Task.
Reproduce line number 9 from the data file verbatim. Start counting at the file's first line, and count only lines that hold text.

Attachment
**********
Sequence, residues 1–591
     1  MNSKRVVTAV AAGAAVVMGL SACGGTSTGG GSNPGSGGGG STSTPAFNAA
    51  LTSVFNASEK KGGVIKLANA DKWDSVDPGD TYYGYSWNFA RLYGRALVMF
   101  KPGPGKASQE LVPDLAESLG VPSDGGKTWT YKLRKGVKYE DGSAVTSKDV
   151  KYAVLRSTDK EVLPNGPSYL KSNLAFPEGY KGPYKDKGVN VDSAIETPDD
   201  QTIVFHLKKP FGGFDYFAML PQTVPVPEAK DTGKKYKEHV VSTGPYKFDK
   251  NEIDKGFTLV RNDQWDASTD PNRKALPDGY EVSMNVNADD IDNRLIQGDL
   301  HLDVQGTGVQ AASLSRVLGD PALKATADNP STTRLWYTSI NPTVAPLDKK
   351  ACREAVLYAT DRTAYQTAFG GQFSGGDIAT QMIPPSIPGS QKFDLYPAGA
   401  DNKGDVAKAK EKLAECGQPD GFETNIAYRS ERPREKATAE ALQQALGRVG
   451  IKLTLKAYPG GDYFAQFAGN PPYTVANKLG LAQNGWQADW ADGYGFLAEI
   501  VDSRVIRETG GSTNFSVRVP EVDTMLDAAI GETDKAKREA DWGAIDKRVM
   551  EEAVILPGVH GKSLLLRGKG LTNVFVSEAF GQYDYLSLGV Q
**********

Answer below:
   351  ACREAVLYAT DRTAYQTAFG GQFSGGDIAT QMIPPSIPGS QKFDLYPAGA